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Trump orders quicker environmental review of California water projects

Trump orders quicker environmental review of California water projects
The intake channel at the C.W. "Bill" Jones Pumping Plant in Tracy. The federal plant sends water south to San Joaquin Valley farmers. (Katie Falkenberg / Los Angeles Times)

President Trump on Friday directed federal agencies to speed up their environmental review of major water projects in California and to develop plans to suspend or revise regulations that hamper water deliveries.

The directive will have little immediate practical effect. But it comes a bit more than two weeks before a midterm election in which some Central Valley Republicans are in close races to hold on to their congressional seats.

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Railing against environmental regulations that have hurt water deliveries to the valley is a perennial GOP battle cry — and one that could give a political boost to Republican incumbents. But the presidential memo also illustrates the legal constraints that prevent the federal government from single-handedly sending more water to San Joaquin Valley growers.

The memo sets 2019 deadlines for the U.S. Interior and Commerce departments to issue updated environmental rules that govern water exports from the Sacramento-San Joaquin River Delta — the center of California’s sprawling water supply system.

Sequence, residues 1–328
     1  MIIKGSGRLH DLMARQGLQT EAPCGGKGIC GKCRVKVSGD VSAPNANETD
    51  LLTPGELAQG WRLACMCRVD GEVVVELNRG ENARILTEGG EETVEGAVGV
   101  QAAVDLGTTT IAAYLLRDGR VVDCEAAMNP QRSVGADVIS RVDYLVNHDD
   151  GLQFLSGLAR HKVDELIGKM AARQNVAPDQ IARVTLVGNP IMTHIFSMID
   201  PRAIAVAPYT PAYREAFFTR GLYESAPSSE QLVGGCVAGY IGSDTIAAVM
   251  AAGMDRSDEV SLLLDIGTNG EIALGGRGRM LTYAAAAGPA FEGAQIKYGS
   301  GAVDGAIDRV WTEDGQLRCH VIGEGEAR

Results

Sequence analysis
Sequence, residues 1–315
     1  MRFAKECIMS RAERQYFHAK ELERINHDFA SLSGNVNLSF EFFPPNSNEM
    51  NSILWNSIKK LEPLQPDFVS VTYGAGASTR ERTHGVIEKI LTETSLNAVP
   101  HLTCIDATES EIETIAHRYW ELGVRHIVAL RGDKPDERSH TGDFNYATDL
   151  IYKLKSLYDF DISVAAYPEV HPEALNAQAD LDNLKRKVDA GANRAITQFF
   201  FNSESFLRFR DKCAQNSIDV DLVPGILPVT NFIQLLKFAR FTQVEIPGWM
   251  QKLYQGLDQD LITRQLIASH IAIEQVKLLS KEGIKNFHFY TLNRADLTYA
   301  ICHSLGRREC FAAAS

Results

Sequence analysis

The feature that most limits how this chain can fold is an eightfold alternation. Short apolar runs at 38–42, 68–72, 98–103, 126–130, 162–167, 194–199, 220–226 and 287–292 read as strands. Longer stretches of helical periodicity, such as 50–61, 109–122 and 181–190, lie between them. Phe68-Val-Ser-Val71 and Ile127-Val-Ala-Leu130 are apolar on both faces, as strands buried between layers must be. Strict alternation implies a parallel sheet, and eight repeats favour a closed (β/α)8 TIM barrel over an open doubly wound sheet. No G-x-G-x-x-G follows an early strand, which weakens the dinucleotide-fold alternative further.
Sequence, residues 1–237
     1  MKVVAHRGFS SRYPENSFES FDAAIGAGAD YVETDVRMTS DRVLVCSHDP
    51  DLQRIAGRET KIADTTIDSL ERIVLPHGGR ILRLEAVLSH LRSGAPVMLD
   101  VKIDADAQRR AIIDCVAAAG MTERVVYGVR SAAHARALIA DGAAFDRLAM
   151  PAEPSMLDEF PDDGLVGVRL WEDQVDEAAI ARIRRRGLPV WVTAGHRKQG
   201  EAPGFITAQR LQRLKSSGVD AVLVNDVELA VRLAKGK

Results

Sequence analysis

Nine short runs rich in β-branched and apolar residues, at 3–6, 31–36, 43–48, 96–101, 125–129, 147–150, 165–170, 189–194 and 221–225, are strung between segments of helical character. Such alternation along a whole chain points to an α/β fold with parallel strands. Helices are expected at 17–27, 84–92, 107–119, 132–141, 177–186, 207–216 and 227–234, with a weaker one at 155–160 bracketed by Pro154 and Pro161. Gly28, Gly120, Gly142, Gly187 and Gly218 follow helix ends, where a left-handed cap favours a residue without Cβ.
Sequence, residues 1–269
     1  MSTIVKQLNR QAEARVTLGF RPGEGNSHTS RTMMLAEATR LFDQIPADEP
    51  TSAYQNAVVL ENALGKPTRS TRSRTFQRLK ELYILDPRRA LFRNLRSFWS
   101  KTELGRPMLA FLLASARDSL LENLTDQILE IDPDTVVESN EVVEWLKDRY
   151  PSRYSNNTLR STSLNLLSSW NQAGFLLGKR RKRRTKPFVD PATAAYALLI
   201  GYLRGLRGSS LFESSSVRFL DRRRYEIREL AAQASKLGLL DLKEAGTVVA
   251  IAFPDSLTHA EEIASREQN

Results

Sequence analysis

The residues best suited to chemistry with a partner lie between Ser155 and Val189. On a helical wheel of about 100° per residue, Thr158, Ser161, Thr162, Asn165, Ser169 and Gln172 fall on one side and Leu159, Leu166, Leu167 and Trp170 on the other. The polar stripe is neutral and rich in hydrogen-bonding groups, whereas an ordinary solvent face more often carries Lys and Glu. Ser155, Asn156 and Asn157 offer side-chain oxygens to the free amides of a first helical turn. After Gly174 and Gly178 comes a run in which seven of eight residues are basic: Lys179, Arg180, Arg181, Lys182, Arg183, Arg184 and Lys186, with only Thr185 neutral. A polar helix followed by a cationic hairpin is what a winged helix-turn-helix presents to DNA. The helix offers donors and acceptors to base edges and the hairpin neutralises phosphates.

The review of export limits under the Endangered Species Act started under the Obama administration, which signaled that the protections could grow more restrictive because populations of imperiled fish continue to plummet.

Federal biologists could retreat from that, loosening export limits when they issue the new rules next spring. But if they do, the action will inevitably be challenged in the courts, which blocked a similar effort by the George W. Bush administration.

California’s massive federal irrigation system, the Central Valley Project, must also adhere to state environmental regulations and water rights permits.

In tweets this summer, Trump echoed farmers’ protests that water flowing to the sea is wasted. In one tweet that was quickly condemned by state officials, Trump incorrectly claimed that water that had been “diverted into the Pacific Ocean” was inhibiting efforts to fight Northern California wildfires.

The Trump administration signaled that it was wading into California water politics in August.

Interior Secretary Ryan Zinke ordered the Bureau of Reclamation, which oversees the Central Valley Project, and other Interior agencies to develop an “initial plan of action” that would — among other things — maximize water deliveries, streamline federal environmental reviews of project operations and prepare “legislative and litigation measures” to increase deliveries.

The efforts have been led by Deputy Interior Secretary David Bernhardt, a former partner in one of the nation’s top-grossing lobbying law firms, Brownstein Hyatt Farber Schreck. There, he represented the politically influential Westlands Water District, which would be among the chief beneficiaries of improved deliveries to south-of-delta Central Valley Project customers.